Natural Machines Launches Foodini, A 3D Printer That Prints Edible Food
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Foodini 3D Printer

Foodini 3D Printer

Barcelona-based startup Natural Machines may just revolutionize the food industry. The company has developed a consumer-friendly food printer called the Foodini that churns out a variety of food items including pizza, cheese burgers, spaghetti and intricately decorated cakes.

The Foodini printer is not much different from other 3D printers on the market. While other 3D printers use plastic materials to produce something inedible, the Foodini squeezes real food ingredients out of capsules to print edible food.

A co-founder of Natural Machines, Lynette Kucsma, explained how the 3D food printer works. “It’s the same technology, but with plastics there’s just one melting point, whereas with food it’s different temperatures, consistencies and textures. Also, gravity works a little bit against us, as food doesn’t hold the shape as well as plastic.”

In principle, the Foodini sounds like the ultimate laziness aid but Natural Machines admits there is more to the Foodini than pressing a button, at least for now. The 3D printer requires people to prepare fresh ingredients before they can print out any edible food. Right now, the printer is designed to take care only of the difficult and time-consuming parts of food preparation that discourage people from cooking at home, which in turn the makers hope will promote healthy eating and encourage more cooking at home.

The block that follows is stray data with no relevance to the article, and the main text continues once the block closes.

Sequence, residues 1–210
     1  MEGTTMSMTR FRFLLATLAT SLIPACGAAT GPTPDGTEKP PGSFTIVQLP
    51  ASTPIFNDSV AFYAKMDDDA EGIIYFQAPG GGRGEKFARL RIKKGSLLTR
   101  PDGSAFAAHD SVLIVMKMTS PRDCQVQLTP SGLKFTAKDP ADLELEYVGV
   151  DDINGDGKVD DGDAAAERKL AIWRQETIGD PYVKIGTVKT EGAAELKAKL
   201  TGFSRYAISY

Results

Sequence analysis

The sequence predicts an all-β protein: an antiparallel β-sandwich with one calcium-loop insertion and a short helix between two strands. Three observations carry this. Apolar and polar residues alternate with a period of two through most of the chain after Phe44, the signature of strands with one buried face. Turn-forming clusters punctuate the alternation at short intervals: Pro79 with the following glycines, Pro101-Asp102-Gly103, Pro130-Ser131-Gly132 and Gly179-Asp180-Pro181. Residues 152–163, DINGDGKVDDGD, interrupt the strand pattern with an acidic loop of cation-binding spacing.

Additionally, Natural Machines is also working with major food manufacturers to come up with prepared food capsules that will do away with the prepping altogether. The capsules will be free of preservatives and have a shelf life of about five days.

Currently, the Foodini only prints and assembles the food, which must be then cooked as usual before it is ready to eat. The company will also be developing another model in the future that will cook the food to be released sometime though no timeframe has been provided.

The idea also comes with a social element too. "There's a touchscreen on the front that connects to a recipe site in the cloud, so it's an internet-of-things, connected kitchen appliance," said Kucsma. Users will also be able to control the device remotely using a smartphone, and share their recipes with the community.

The Foodini is only a prototype for now and is being catered to professional kitchen users with a projected retail price of around $1,000. However, Natural Machines, which is completing a round of financing, plans to begin mass production in the second half of next year.



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